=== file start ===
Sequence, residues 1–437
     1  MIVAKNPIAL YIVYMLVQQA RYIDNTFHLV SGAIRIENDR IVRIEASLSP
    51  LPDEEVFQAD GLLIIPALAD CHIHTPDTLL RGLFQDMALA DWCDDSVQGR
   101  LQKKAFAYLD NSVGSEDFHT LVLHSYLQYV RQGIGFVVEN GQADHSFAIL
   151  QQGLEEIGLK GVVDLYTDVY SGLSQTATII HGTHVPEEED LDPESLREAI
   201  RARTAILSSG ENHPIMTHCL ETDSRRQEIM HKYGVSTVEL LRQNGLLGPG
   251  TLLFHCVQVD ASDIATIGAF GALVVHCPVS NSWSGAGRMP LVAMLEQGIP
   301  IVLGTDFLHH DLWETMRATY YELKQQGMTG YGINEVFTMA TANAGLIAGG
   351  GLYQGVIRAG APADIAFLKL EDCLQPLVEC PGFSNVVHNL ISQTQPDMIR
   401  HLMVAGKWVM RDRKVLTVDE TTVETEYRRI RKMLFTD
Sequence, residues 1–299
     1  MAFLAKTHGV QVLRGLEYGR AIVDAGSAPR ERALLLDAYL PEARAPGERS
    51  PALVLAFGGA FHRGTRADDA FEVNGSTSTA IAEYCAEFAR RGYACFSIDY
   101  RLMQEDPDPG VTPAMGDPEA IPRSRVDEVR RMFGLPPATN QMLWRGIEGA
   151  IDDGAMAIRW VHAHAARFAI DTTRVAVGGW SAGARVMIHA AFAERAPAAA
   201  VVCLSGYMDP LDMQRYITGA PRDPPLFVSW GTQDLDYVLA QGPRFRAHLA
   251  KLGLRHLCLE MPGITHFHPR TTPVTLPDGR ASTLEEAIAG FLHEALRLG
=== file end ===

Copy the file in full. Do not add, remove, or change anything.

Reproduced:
Sequence, residues 1–437
     1  MIVAKNPIAL YIVYMLVQQA RYIDNTFHLV SGAIRIENDR IVRIEASLSP
    51  LPDEEVFQAD GLLIIPALAD CHIHTPDTLL RGLFQDMALA DWCDDSVQGR
   101  LQKKAFAYLD NSVGSEDFHT LVLHSYLQYV RQGIGFVVEN GQADHSFAIL
   151  QQGLEEIGLK GVVDLYTDVY SGLSQTATII HGTHVPEEED LDPESLREAI
   201  RARTAILSSG ENHPIMTHCL ETDSRRQEIM HKYGVSTVEL LRQNGLLGPG
   251  TLLFHCVQVD ASDIATIGAF GALVVHCPVS NSWSGAGRMP LVAMLEQGIP
   301  IVLGTDFLHH DLWETMRATY YELKQQGMTG YGINEVFTMA TANAGLIAGG
   351  GLYQGVIRAG APADIAFLKL EDCLQPLVEC PGFSNVVHNL ISQTQPDMIR
   401  HLMVAGKWVM RDRKVLTVDE TTVETEYRRI RKMLFTD
Sequence, residues 1–299
     1  MAFLAKTHGV QVLRGLEYGR AIVDAGSAPR ERALLLDAYL PEARAPGERS
    51  PALVLAFGGA FHRGTRADDA FEVNGSTSTA IAEYCAEFAR RGYACFSIDY
   101  RLMQEDPDPG VTPAMGDPEA IPRSRVDEVR RMFGLPPATN QMLWRGIEGA
   151  IDDGAMAIRW VHAHAARFAI DTTRVAVGGW SAGARVMIHA AFAERAPAAA
   201  VVCLSGYMDP LDMQRYITGA PRDPPLFVSW GTQDLDYVLA QGPRFRAHLA
   251  KLGLRHLCLE MPGITHFHPR TTPVTLPDGR ASTLEEAIAG FLHEALRLG